Considering that the filmmakers overtly scaled back the theatrics for Die, one curiosity is the movie's big action piece, an extended boat chase down a Louisiana bayou. While this scene contains some exciting stunts, it goes on for far too long and ducks into some weird places along the way. In the interest of alleged comedic relief, we meet redneck stereotype Sheriff Pepper (Clifton James) when he enters the chase. The inclusion of Sheriff Pepper and his cohorts really makes the chase very disjointed. We frequently lose sight of Bond himself for seemingly extended periods of time. It's an oddly cobbled together bit, and it simply doesn't work.

The Pepper bits are also plain and simple tacky. They very nearly submerge the movie with their barely-hidden racial animosity, and they feel awfully out of place here. They’re not even remotely funny, and I find the Pepper character to be annoying at best, loathsome at worst. Audiences must’ve liked him, as he returns for an even more insulting turn in 1974’s The Man With the Golden Gun, but I truly disliked him.

Despite my complaints, Die remains a decent Bond film - it's just not a special one. Except for the never-ending Pepper nonsense, I had a pleasant enough time watching it, but it's not one I'll want to view with a great deal of frequency. Overall, it's not as good as any of the Connery Bonds, but it stands up against the other Moore entries well enough. Perhaps that’s damning Die with faint praise, but it’ll have to do.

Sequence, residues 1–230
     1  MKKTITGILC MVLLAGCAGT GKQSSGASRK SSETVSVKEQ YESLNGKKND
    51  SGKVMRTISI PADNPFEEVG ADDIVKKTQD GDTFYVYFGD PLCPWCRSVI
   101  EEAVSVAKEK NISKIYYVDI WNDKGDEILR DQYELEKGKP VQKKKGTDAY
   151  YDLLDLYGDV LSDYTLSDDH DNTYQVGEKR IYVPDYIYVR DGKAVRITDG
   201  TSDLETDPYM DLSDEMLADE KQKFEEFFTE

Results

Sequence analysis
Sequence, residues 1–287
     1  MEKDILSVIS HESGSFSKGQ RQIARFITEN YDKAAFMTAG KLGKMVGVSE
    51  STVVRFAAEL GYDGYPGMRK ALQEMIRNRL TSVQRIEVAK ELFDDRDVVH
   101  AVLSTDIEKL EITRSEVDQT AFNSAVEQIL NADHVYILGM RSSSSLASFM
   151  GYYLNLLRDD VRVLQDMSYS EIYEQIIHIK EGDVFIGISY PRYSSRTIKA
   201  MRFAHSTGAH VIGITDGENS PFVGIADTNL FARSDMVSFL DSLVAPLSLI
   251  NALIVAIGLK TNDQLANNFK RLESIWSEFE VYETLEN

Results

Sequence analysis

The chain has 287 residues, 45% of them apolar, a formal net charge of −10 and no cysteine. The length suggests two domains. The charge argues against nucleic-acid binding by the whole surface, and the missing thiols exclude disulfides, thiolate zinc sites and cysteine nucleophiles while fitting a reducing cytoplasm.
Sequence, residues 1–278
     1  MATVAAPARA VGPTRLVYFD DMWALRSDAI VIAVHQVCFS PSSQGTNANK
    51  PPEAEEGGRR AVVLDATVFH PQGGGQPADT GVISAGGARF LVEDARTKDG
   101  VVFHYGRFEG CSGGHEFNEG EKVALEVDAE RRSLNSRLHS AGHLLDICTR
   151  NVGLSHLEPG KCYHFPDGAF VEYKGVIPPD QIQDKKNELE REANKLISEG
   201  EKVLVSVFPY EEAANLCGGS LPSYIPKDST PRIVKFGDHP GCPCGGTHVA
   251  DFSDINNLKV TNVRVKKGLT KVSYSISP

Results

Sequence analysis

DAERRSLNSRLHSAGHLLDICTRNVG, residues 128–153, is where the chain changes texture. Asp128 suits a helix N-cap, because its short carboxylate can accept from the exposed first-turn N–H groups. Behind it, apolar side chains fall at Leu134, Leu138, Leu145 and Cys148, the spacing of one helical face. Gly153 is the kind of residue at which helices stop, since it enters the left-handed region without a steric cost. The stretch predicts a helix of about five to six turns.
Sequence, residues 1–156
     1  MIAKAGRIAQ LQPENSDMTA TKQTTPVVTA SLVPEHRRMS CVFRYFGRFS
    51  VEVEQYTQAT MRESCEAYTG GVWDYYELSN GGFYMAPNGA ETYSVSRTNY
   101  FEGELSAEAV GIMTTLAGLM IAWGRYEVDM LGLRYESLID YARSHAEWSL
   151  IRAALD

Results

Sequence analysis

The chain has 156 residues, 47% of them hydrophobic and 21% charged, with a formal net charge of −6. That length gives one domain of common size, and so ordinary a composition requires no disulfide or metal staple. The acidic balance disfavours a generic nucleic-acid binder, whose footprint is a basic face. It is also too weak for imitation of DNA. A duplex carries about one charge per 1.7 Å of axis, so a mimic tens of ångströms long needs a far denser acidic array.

The DVD Grades: Picture B-/ Audio B+/ Bonus A-

Live and Let Die appears in an aspect ratio of 1.85:1 on this single-sided, dual-layered disc. The movie has been enhanced for 16x9 TVs. While perfectly watchable, this was one of the weaker Bond “Ultimate Edition” transfers.

Sharpness was the main concern. While the movie usually boasted adequate to good definition, more than a few shots looked rather soft. This permeated close-ups as well as wide shots and created a mix of distractions. Some of this resulted from light edge haloes, though I noticed no shimmering or jagged edges. Source flaws were delightfully absent, as the movie presented clean visuals at all times.

Colors usually fared well, but they also could be a bit erratic. The movie featured many settings with broad, vibrant tones, and for the most part, these came across well. I thought a few scenes were a little flat, however, and the colors didn’t always appear as dynamic as expected. Blacks were fine, and shadows mostly seemed good. Some low-light shots appeared slightly muddy, but the majority demonstrated good delineation. Perhaps I’ve been spoiled by the high quality of the other Bond UEs, but this one only mustered a lackluster “B-“ for picture.